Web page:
Sites in a chemotaxis assay at which the upper wells contain a cell suspension and the lower wells contain a chemical whose chemotactic properties are unknown. The assay is intended to measure the chemotactic effect of the chemical on the type of cells in upper wells.
human interleukin-8 (IL-8) –  (also called neutrophil attractant protein-1 (NAP-1))
IL-8, an 8.0 kDa protein, promotes neutrophil chemotaxis and degranulation. It comes in two forms, containing either 72 or 77 amino
acid residues. It is available as a lyophilized powder (recombinant-derived; source is E. coli) with a purity rating of greater than
98% by SDS-PAGE and N-terminal sequence analysis. Endoxin level is less than 0.1 ng per mg of IL-8. To use IL-8: IL-8 is available for
research purposes only, and is not available for drug use. The lyophilized powder is soluble in water and most aqueous buffers.
Lyophilized IL-8 can be reconstituted in PBS to a concentration of 100 ng/ml. This solution can be diluted into other buffered
solutions or stored at -20°C. The maximal chemotactic activity of human IL-8 on human neutrophils as assayed by a modified
Boyden chamber was achieved at 20 ng/ml. Stability of IL-8: The lyophilized powder is stable at room temperature, but is best
stored desiccated below 0°C. Reconstituted IL-8 should be stored in working aliquots at -20°C.
human macrophage chemoattractant protein-1 (MCP-1) – 
also called human macrophage/monocyte chemotactic and activating factor (MCAF)
MCP-1 is an 8.5 kDa protein containing 76 amino acid residues. It plays an important role in the inflammatory response of blood
monocytes and tissue macrophages. MCP-1 (recombinant-derived; source is E coli) is lyophilized from PBS, and has a purity rating of
greater than 99% by SDS-PAGE and P-HPLC analysis. To use MCP-1: The lyophilized powder MCP-1 is soluble in water and most aqueous
buffers. Lyophilized MCP-1 can be reconstituted in PBS to a concentration of 0.1 mg/ml. This solution can be diluted into other
buffered solutions or stored at -20° for future use. The maximal chemotactic activity of human MCP-1 on human blood monocytes
was achieved at 20 ng/ml. MCP-1 is available for research purposes only; not for drug use. Stability of MCP-1: The lyophilized powder is stable at room temperature, but is best stored desiccated below 0°C.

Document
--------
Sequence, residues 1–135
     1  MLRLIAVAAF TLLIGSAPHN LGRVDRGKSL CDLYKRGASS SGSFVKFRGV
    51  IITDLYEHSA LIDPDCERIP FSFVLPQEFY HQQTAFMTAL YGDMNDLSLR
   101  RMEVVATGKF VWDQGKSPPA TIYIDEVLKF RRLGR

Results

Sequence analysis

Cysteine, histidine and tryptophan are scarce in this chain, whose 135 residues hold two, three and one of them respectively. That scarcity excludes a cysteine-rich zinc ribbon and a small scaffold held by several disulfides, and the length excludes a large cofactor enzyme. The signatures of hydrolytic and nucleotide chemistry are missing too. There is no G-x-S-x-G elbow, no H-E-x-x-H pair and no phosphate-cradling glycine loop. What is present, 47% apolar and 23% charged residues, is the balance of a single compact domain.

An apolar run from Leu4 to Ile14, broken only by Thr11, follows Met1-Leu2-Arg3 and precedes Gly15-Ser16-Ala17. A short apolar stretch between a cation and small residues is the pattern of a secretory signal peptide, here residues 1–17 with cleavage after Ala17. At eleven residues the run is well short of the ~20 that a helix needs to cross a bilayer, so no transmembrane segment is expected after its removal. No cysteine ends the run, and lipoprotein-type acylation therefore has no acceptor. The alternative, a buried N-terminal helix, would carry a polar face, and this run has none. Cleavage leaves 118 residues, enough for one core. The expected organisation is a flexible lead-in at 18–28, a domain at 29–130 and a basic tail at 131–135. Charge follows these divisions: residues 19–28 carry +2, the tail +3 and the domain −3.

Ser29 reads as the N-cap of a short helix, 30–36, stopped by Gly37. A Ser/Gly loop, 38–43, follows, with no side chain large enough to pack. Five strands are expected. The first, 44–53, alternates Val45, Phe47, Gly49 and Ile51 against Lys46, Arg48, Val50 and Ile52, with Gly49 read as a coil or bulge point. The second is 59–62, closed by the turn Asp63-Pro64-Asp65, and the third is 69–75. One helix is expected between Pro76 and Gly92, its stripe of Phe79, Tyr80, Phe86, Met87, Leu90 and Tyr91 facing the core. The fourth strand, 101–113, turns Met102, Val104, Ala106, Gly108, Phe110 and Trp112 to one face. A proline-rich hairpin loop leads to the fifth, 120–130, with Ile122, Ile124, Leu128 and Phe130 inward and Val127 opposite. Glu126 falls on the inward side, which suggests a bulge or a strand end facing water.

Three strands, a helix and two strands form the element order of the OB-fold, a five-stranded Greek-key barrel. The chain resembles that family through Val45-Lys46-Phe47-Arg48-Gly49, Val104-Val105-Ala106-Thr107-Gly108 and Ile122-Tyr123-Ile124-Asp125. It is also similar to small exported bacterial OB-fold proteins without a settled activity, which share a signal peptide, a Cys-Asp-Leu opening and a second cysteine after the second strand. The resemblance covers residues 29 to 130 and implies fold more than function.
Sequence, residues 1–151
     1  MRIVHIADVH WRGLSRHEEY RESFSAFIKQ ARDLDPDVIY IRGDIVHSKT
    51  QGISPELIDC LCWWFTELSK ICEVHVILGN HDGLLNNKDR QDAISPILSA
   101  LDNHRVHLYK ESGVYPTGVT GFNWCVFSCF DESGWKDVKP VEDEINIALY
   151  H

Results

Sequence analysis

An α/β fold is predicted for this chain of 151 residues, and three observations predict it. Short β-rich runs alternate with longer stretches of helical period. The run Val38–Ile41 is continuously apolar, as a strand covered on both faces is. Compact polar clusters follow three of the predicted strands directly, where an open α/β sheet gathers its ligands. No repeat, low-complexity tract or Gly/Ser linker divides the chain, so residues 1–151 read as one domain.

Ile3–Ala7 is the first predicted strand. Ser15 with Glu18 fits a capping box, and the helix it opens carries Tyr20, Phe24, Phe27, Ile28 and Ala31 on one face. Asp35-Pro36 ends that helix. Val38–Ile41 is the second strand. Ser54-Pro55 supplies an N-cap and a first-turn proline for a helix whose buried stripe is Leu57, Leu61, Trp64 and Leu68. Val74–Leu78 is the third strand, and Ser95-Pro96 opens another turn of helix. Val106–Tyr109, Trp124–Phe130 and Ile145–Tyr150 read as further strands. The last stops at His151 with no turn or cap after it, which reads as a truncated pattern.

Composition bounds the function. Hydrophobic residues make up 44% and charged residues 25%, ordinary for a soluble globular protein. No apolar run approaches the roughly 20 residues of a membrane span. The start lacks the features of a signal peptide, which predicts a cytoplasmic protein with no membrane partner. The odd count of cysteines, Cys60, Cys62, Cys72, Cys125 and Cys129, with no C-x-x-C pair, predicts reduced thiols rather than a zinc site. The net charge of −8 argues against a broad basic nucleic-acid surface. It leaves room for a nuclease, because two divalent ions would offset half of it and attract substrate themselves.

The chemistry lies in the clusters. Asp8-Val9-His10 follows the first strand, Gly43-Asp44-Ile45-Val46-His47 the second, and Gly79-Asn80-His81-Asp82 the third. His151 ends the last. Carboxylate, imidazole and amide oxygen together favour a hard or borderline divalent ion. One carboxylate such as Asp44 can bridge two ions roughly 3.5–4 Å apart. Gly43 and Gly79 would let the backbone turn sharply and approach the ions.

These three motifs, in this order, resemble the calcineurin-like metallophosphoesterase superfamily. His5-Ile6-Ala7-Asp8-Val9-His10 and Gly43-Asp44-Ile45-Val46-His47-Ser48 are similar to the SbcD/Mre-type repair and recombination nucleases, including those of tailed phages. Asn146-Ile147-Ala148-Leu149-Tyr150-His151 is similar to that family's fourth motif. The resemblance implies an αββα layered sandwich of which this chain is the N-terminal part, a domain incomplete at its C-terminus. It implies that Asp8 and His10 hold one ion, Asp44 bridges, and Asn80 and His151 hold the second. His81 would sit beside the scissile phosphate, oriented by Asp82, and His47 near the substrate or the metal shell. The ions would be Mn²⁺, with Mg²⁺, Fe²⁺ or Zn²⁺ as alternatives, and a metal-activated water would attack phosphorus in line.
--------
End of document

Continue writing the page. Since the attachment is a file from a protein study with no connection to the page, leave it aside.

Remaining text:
human macrophage/monocyte chemotactic and activating factor –
See “human macrophage chemoattractant protein-1
IL-8 –
See “human interleukin-8
invasion –
             Movement (migration) of cells into or through a barrier; penetration.
MCAF –
See “human macrophage chemoattractant protein-1
MCP-1 –
See “human macrophage chemoattractant protein-1
micropipette –
A pipette designed for the measurement of very small volumes.
NAP-1 –
See “human interleukin-8
negative controls –
Sites in a chemotaxis assay at which the upper wells contain the same cell suspension as is used at experimental sites, but the lower wells contain only cell-suspension media without any chemoattractant.
neutrophil attractant protein-1 –
See “human interleukin-8
polycarbonate filters –
Filters of polycarbonate film with track-etched capillary pores. Polycarbonate filters used for chemotaxis research are usually less than eleven microns thick. During chemotaxis cells migrate in one side of the filter and out the other, where they are counted. (Compare with cellulose nitrate filters.) Track-etched filters may also be made from a polyester membrane.
positive controls –
Sites in a chemotaxis assay at which a chemoattractant with known properties is placed, at optimum concentration, in the lower wells to attract the cells of the assay. The same cell suspension as is used in the experimental sites is used in the upper wells of the positive controls. Cell activity at experimental sites can thus be compared to the activity produced by a known chemoattractant.
unknown sites –
See “experimental sites